(a) a man and another man; or
(b) a woman and another woman;
must not be recognised as a marriage in Australia.
Specifically according to the Marriage Act 1961, the whole definition according to the law in Australia is thus:
Marriage means the union of a man and a woman to the exclusion of all others, voluntarily entered into for life.
I think that's fairly straightforward.
Thirdly and more importantly... why?
If the Bible and the law specify something, then it follows that there must be a pretty good reason for it. The most important thing that I can think of is to do with the purpose of marriage the first place; the reason for its existence.
I believe that the main reason for the institution of marriage is to do with the formation of families; this includes fairly obviously, the raising of children, though isn't exclusively so.
The family is essentially the fundamental societal building block. It is the place where children are trained in how to live and function in society. We learn how to relate to each other primarily through how we were taught by out parents. If for some reason a child doesn't have either one or both parents through accident or divorce etc. then the children who grow up as a product of those conditions have a less than perfect model of how to live and function in society.
Laws themselves exist for three fundamental reasons: the regulation, protection and the standards of society. This is true for everything from road rules, building regulations, taxation, corporations legislation, town planning, crime, even things like distances, voltages, etc etc etc.
The definitions in the Marriage Act 1961 are there for precisely the same purpose. Namely the regulation, protection and the standards of society. Fiddle with the definition and society itself changes and usually for the worse.
The standard contained in the Act is in fact the best possible standard. I would just like to find someone to prove otherwise. Go on, I dare you.
The implications of that last paragraph are immense. In 25 February 2010, the Marriage Equality Bill 2009, with the view to change the definition of marriage at law to include same-sex marriage did not pass in the Australian Senate by a vote of 45-5, with only the Greens voting in favour and many senators not in attendance.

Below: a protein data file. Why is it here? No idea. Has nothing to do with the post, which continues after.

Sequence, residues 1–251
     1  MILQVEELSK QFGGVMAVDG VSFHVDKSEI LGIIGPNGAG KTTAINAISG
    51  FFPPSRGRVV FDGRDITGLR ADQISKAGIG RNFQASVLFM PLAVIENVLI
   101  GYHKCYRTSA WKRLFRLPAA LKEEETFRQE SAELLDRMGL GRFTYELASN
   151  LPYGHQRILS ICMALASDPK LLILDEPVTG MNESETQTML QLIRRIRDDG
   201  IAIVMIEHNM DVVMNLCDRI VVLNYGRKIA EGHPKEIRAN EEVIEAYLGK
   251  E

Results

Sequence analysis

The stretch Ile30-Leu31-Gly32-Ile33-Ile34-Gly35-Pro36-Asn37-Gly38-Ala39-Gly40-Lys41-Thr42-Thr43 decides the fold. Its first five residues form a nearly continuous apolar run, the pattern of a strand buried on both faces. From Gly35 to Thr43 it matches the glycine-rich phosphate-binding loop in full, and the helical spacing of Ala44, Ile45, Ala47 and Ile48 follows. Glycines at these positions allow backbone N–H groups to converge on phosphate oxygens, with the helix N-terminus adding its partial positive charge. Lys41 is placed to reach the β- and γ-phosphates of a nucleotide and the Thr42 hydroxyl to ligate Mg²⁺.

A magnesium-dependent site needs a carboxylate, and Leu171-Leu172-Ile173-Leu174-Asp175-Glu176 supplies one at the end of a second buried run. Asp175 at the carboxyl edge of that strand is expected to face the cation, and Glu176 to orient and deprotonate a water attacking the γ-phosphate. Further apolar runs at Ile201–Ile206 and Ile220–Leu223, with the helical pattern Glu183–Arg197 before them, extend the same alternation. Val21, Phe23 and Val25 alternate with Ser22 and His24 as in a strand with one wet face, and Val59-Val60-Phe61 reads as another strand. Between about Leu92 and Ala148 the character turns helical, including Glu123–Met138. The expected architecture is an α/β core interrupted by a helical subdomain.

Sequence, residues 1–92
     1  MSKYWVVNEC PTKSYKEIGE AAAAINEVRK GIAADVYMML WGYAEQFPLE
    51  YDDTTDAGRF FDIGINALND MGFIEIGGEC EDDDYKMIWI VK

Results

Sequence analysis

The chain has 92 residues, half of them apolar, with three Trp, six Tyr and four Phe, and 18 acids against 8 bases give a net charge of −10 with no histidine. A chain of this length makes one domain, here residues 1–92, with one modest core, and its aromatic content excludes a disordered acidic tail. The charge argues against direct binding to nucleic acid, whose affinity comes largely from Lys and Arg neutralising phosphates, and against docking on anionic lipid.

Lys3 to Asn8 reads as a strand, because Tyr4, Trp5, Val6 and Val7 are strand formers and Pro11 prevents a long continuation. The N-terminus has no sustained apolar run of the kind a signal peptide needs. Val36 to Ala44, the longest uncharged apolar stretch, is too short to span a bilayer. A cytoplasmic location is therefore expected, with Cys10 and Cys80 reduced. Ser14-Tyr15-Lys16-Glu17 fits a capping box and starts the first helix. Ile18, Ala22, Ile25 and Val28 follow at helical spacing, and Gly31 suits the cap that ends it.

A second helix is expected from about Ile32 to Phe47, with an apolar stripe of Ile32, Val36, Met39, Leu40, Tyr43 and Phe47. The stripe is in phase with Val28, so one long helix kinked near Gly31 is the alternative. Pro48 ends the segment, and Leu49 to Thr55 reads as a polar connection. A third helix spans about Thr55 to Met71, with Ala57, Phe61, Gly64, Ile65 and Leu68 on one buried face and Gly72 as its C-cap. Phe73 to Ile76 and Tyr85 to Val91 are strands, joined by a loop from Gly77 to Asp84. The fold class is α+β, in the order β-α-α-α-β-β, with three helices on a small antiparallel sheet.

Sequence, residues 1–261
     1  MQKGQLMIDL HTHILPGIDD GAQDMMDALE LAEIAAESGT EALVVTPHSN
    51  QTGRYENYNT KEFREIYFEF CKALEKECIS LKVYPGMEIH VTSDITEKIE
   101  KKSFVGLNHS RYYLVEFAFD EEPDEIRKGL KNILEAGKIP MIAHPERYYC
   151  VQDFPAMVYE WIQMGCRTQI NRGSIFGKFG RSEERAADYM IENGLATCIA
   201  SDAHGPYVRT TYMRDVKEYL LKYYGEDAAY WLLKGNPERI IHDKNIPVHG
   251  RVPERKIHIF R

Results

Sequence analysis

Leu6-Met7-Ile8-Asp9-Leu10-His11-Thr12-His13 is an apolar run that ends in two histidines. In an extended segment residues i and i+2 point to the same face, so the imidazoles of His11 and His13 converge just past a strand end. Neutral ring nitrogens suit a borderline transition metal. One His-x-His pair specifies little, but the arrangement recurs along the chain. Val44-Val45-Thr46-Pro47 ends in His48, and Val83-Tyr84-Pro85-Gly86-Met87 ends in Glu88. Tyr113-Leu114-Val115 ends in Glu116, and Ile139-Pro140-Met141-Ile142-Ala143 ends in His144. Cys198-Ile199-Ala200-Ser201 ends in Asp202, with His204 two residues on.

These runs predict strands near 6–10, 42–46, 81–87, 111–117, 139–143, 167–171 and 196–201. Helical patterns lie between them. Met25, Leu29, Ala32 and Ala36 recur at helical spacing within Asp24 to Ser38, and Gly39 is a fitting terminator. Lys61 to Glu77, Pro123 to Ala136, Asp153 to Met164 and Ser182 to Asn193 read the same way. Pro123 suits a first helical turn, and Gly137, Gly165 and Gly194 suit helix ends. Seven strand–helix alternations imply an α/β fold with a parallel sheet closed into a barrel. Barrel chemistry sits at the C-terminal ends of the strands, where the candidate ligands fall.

Furthermore the Greens manifesto for the 2010 Federal Election explicitly states that they intend to have another tilt at changing the definitions under the Marriage Act 1961.
Personally I think that it is the duty of every Christian in the country to put The Greens LAST* on your House of Representative ballot paper and to do likewise in the Senate. If The Greens were to get a substantial say in parliament, then they will do their best to change the law.
Actually it can be argued very easily that once the definition of marriage is changed, that same-sex couples should be given the same entitlements at law is normal married couples. If you then consider that this includes things like adoption and IVF rights, it is still a question of changing the fundamental societal building block, the family. Also, in particular with IVF, if you consider that same-sex couples can not through their own means produce children of their own, it does pose the rather pointed question if that is in fact parasitic in nature.
Lastly and leastly, this proves that no matter what or whom you vote for, democracy truly is a sham. Even if "we the people" want something and decide to make our voice heard through the ballot paper, those who are more vocal and better at manipulating the system are the people who run the show, despite and in spite of what the people voted for.
*Don't vote GREEN.